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A variety of forms may be used for presenting and communicating new information. Designers of any new strategy in response to the global problematique must necessarily select and encourage modes of communication that will facilitate mobilization and coordination of resources, ensure appropriate interaction between those participating, as well as enabling communication with those affected by the strategy but unskilled in the conceptual or procedural language through which it is organized. For optimum communication, a strategy should make use of a set of distinct and complementary forms through which information can be communicated under different conditions, with each form counteracting the weaknesses and excesses of others. This section endeavours to describe briefly the range of forms of presentation that can be selected and combined in any communication strategy. It deliberately avoids the usual tendency to focus narrowly on some particular set of forms, such as the mass media.
The section contains 528 entries each describing briefly a different form of presentation or implying a different mode of communication. Where the information is available, each entry indicates the strengths or weaknesses of that mode, especially in relation to development processes.
The information used was obtained from a wide range of specialized reference books.
Detailed comments are given in Section XCF at the end of this volume. See notably:
Forms of Presentation and the Future of Comprehension. Collection of papers arising from work in connection with the Goals, Processes and Indicators of Development (GPID) project of the United Nations University (UNU).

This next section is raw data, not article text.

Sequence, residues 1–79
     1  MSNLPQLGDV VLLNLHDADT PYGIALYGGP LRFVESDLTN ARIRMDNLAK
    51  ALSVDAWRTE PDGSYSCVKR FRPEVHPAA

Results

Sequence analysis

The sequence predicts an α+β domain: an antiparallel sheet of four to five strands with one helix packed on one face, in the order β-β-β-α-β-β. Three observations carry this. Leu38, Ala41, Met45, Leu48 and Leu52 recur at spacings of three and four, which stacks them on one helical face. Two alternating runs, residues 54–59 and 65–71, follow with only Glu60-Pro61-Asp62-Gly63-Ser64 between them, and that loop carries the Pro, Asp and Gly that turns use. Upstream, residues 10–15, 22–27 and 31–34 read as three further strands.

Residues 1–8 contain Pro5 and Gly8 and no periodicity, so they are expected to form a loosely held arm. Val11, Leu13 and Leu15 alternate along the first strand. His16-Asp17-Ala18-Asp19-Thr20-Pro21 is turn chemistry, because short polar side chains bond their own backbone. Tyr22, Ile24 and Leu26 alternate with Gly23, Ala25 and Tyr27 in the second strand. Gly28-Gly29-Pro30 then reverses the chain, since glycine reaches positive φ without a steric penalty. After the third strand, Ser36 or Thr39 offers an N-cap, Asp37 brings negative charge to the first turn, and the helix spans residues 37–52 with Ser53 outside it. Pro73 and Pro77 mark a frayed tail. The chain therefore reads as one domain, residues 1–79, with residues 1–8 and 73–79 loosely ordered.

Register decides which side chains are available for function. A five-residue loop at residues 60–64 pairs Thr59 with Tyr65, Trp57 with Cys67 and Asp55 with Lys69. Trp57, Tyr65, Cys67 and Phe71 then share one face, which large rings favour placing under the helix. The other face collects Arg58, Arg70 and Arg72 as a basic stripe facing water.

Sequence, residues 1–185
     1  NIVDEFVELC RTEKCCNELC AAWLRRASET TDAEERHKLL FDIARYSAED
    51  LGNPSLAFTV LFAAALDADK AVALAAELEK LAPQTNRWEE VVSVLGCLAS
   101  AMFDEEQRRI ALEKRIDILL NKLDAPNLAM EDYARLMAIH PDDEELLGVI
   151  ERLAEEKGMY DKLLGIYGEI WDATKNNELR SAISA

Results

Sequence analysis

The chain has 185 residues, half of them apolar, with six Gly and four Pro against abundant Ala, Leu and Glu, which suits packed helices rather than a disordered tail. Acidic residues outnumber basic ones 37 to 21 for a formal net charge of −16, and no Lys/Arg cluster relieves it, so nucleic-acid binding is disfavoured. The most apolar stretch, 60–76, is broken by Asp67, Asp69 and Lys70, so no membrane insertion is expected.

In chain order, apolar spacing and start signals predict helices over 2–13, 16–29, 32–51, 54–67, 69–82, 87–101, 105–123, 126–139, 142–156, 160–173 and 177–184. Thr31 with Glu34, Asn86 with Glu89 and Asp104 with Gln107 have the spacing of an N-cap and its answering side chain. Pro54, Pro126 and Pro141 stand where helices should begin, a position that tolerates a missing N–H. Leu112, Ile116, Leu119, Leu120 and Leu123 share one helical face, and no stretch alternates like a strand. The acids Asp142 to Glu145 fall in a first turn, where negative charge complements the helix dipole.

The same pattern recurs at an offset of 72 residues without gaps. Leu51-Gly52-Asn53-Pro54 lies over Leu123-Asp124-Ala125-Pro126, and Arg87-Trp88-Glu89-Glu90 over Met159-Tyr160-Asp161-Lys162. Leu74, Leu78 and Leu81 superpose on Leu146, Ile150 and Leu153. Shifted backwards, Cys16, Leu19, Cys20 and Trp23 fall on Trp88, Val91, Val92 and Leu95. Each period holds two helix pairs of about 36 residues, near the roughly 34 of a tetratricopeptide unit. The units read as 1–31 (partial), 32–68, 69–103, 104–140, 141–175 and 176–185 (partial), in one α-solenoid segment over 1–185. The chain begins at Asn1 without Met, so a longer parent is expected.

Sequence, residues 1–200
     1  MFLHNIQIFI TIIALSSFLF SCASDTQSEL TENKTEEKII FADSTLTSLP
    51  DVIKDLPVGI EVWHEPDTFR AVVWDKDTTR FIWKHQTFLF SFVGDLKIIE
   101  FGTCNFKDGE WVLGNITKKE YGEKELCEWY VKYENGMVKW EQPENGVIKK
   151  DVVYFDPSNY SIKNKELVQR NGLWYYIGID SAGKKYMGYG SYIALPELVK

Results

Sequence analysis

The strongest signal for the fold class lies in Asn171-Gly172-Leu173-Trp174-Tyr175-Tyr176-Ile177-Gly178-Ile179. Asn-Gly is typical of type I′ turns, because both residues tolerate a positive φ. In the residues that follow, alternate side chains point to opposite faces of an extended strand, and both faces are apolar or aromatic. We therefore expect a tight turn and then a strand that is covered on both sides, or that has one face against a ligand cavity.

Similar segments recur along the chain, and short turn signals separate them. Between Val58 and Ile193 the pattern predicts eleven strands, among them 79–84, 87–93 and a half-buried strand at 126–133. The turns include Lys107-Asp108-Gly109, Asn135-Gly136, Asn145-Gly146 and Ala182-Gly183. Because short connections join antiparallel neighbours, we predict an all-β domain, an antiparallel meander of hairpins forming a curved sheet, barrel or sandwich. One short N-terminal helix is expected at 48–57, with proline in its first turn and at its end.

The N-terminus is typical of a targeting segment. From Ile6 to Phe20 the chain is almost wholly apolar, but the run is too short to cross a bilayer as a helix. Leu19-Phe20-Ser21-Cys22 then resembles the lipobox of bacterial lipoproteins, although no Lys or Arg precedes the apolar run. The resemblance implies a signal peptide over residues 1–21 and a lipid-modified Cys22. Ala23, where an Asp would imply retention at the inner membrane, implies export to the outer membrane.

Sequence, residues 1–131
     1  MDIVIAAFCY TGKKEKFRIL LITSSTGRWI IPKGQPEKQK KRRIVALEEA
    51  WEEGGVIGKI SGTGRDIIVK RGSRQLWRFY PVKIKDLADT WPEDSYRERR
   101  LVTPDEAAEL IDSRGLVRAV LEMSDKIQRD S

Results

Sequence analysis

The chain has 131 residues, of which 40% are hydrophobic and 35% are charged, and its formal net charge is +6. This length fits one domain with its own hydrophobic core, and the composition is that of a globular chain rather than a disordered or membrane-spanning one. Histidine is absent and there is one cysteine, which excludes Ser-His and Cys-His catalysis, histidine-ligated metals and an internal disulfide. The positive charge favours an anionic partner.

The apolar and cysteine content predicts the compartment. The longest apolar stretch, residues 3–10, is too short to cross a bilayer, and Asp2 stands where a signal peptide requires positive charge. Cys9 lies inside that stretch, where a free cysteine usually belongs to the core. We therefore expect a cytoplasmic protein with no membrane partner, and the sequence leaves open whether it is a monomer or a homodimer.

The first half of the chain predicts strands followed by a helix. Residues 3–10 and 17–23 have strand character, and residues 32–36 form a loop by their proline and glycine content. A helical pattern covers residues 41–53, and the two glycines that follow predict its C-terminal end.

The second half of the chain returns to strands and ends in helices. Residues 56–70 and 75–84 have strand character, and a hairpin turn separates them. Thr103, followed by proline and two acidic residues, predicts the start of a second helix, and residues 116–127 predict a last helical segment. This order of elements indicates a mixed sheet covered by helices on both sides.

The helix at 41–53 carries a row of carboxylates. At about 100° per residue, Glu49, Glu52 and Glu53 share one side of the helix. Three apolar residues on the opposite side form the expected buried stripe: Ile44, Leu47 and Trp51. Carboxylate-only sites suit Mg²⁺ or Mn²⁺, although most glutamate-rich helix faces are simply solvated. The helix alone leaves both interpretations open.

The value of the information in a section of this kind is in the extent to which it gives an understanding of the set or pool of available forms on which a programme designer can draw. There are of course whole libraries on many of the individual entries but they seldom help to convey this understanding. The information available seldom detailed the unique strengths or weaknesses of any particular form as they must necessarily be recognized by those attempting to design a communication strategy using complementary forms. The entries are therefore indicative rather than definitive. Entries have occasionally been included because they raise useful questions about the scope and content of this section.
Possible future improvements
In addition to the refinement of the description of each form, much more effort is required to determine under what conditions any particular form is appropriate or inappropriate. This would then enable cross-references to be inserted linking forms together into patterns of complementary forms that could prove more effective than present reliance on a limited number of unrelated forms.
This work is licensed by Anthony Judge
under a Creative Commons Attribution-NonCommercial-NoDerivs 2.5 License.